From: Laura Fischer
Animal Lovers of Albania:Erleta Shala and Lezha Municipality Join Forces for Street Animals

Erleta Shala, Leta for short, is an animal activist mentioned in last month’s story, who deserves a longer blog post. Originally from Kosovo, Leta and her family moved to Switzerland as refugees, where she still lives. Ever since she was a child, her family took summer holidays in Durrës. Leta, always an animal lover, liked to spend her time with the street animals on these trips. 

About five years ago, they purchased a small apartment near the beach in Durrës. After working from home and in isolation during the COVID19 pandemic, she decided to relocate to the apartment for five weeks when travel restrictions were lifted. Towards the end of the stay, she received a call from her parents. They were stressed and told her to turn on the news. The headline (“After Korça, stray dogs are also poisoned in Lezha”) and images were incredibly upsetting. Leta knew there was a problem with street animals and humans in Albania, but she wasn’t aware people in Albania were being that cruel.

But Leta didn’t just cry about it. She sat down and wrote a long email to the State and Municipality of Lezha. She didn’t just hurl complaints and insults. “In this letter, I shared my story, my ideas, and clearly communicated my desire for change.” With a full head and heart, she sent off the email. 

People told Leta to let it be. They told her, “The Albanian state will not help you; otherwise, they would have done something about it a long time ago.” Their comments were understandable but Leta chose to remain positive and to hope. “I was sure that with my love and positive energy I had the power to convince the Lezha Municipality to help the street animals and support my project.”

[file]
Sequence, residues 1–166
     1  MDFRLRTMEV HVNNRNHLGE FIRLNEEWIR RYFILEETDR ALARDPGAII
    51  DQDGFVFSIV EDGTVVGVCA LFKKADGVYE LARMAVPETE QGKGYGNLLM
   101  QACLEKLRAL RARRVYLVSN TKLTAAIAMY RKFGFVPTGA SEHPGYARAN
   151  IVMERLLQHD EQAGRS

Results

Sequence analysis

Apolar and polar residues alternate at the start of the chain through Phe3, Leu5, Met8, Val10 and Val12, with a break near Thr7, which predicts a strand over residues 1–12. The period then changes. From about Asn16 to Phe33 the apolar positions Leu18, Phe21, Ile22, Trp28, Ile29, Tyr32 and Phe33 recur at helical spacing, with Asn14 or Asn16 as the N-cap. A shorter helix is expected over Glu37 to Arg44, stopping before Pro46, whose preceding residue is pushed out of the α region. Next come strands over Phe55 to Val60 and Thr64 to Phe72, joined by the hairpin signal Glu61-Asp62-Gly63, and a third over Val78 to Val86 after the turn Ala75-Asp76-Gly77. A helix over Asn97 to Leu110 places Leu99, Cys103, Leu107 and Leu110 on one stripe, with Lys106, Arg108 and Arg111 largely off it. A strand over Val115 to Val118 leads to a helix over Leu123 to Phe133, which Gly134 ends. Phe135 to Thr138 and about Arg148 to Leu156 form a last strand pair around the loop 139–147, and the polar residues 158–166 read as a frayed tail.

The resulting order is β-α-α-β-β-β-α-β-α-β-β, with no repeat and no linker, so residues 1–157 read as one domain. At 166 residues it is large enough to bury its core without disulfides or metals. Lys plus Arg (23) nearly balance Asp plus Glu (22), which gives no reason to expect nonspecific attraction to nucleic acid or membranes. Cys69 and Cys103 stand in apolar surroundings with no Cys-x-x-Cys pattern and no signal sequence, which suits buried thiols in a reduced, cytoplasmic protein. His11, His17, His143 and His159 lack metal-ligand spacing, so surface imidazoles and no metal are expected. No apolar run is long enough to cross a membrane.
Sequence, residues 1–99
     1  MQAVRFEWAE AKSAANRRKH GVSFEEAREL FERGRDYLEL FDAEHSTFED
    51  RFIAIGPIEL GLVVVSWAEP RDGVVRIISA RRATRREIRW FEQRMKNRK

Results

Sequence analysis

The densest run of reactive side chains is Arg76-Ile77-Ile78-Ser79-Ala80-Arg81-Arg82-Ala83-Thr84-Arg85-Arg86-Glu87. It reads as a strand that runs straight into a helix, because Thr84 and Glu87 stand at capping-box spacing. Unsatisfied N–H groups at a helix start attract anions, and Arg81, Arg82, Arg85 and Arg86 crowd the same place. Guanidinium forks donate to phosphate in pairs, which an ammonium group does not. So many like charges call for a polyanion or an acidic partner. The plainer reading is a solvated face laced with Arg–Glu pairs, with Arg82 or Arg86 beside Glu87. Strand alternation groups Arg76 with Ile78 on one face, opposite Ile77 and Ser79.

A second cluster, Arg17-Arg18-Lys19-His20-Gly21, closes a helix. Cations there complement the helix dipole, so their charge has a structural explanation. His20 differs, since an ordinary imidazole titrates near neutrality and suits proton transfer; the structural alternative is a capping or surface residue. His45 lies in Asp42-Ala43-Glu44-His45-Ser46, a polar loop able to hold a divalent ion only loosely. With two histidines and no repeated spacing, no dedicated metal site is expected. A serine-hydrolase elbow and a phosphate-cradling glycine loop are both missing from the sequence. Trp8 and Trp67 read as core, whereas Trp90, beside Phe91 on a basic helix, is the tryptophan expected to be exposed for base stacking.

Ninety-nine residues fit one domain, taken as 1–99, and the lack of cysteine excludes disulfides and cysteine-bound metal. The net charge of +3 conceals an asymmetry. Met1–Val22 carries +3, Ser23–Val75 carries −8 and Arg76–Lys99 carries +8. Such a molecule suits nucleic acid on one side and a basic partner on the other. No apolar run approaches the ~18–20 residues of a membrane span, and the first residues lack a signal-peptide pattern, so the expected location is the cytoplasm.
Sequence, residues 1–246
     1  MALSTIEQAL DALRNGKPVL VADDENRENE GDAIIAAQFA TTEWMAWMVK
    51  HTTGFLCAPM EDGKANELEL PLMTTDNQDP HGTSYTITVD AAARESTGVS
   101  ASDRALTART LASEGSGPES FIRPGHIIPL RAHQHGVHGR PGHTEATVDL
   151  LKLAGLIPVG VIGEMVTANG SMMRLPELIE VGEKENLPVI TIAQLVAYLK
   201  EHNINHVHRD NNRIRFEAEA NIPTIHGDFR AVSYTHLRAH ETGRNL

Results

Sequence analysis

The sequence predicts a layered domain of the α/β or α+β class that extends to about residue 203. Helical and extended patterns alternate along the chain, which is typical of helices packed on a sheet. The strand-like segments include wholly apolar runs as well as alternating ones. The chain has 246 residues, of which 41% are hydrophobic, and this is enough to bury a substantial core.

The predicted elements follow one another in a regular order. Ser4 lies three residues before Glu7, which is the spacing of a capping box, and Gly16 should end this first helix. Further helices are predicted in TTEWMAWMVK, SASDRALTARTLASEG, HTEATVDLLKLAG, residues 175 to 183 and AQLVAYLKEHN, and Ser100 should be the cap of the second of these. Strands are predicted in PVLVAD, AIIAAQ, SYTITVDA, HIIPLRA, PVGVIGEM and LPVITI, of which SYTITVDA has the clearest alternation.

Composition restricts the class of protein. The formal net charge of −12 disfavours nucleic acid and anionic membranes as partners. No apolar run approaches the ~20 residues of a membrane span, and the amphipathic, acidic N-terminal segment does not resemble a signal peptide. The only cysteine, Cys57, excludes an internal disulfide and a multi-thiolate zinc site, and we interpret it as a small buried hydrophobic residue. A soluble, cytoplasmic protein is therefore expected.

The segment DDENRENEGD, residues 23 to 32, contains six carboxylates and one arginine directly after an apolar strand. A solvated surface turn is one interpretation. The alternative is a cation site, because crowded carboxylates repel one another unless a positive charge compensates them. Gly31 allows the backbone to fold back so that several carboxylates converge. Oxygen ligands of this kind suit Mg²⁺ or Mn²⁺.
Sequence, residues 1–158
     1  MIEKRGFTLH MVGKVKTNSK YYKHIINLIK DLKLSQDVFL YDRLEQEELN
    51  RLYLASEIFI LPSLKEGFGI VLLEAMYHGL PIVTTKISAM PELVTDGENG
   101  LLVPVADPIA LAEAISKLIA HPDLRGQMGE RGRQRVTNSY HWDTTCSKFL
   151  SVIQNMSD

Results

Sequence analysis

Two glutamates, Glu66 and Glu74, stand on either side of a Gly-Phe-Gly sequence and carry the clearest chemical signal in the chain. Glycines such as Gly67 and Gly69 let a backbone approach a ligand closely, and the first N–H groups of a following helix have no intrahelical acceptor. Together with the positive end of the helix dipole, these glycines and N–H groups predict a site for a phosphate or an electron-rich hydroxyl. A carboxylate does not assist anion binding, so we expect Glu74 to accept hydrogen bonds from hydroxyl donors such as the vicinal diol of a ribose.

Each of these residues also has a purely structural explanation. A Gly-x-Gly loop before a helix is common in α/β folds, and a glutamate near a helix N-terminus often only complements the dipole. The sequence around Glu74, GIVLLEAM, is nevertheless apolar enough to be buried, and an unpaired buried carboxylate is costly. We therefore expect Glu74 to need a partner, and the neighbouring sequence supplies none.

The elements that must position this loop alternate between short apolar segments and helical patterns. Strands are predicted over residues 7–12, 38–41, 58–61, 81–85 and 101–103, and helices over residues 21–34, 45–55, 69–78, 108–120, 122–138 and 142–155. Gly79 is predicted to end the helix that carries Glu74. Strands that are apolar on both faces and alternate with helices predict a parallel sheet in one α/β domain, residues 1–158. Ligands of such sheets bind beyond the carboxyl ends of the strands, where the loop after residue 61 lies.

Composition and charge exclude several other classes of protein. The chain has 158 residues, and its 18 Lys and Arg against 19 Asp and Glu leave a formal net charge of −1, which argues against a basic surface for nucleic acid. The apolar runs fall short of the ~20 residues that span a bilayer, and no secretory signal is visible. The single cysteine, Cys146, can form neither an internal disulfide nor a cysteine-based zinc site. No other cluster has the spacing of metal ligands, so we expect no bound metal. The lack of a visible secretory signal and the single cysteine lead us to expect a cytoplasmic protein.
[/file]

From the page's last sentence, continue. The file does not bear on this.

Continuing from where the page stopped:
Two days later, Leta received a response from the Municipality. They were kind about her email and they wanted to schedule a meeting. Leta was overjoyed.

She worked long nights to finalize a project for the meeting. The director, Elson Frroku, welcomed her and introduced himself, then gave Leta time to discuss her plan. At the end, an employee told Leta, “I haven’t seen the director so motivated in a long time ‑ you filled the room with so much positivity. For the first time in my life, I feel that the state is really willing to do something for the animals!”

“I never would have thought that I would dare to take this step at such a young age,” Leta wrote me. It was always a goal to do something for the street animals. However, she thought of it as a future pursuit (when she had enough money, time, etc.). But after the news, she realized the animals needed her now, and she had every ability to do something now, just like we all do. 

Her main goal is really quite simple: help as many animals as possible. In Albania that means castration projects; a shelter in Lezha that provides vaccinations, sterilizations, adoptions, safety and love for the animals; and educating people “because it is urgently needed as there is a lack of respect for animals”. Leta hopes to educate children and provide programs for seniors who need animal companions. She also wants to continue working with other animals rights activists in Albania. “I think we are stronger together and I met many amazing humans in the last months,” she said. “I’m very lucky that the existing organizations in Albania like JETA Tier und Mensch or Animals Need Me accepted me with a lot of love. I’m learning a lot from them right now.”

Leta may be at the beginning of her journey, but her positivity, hope and belief that something can change has impacted so many animals and humans already. 

To support, follow @lezhaanimalshelter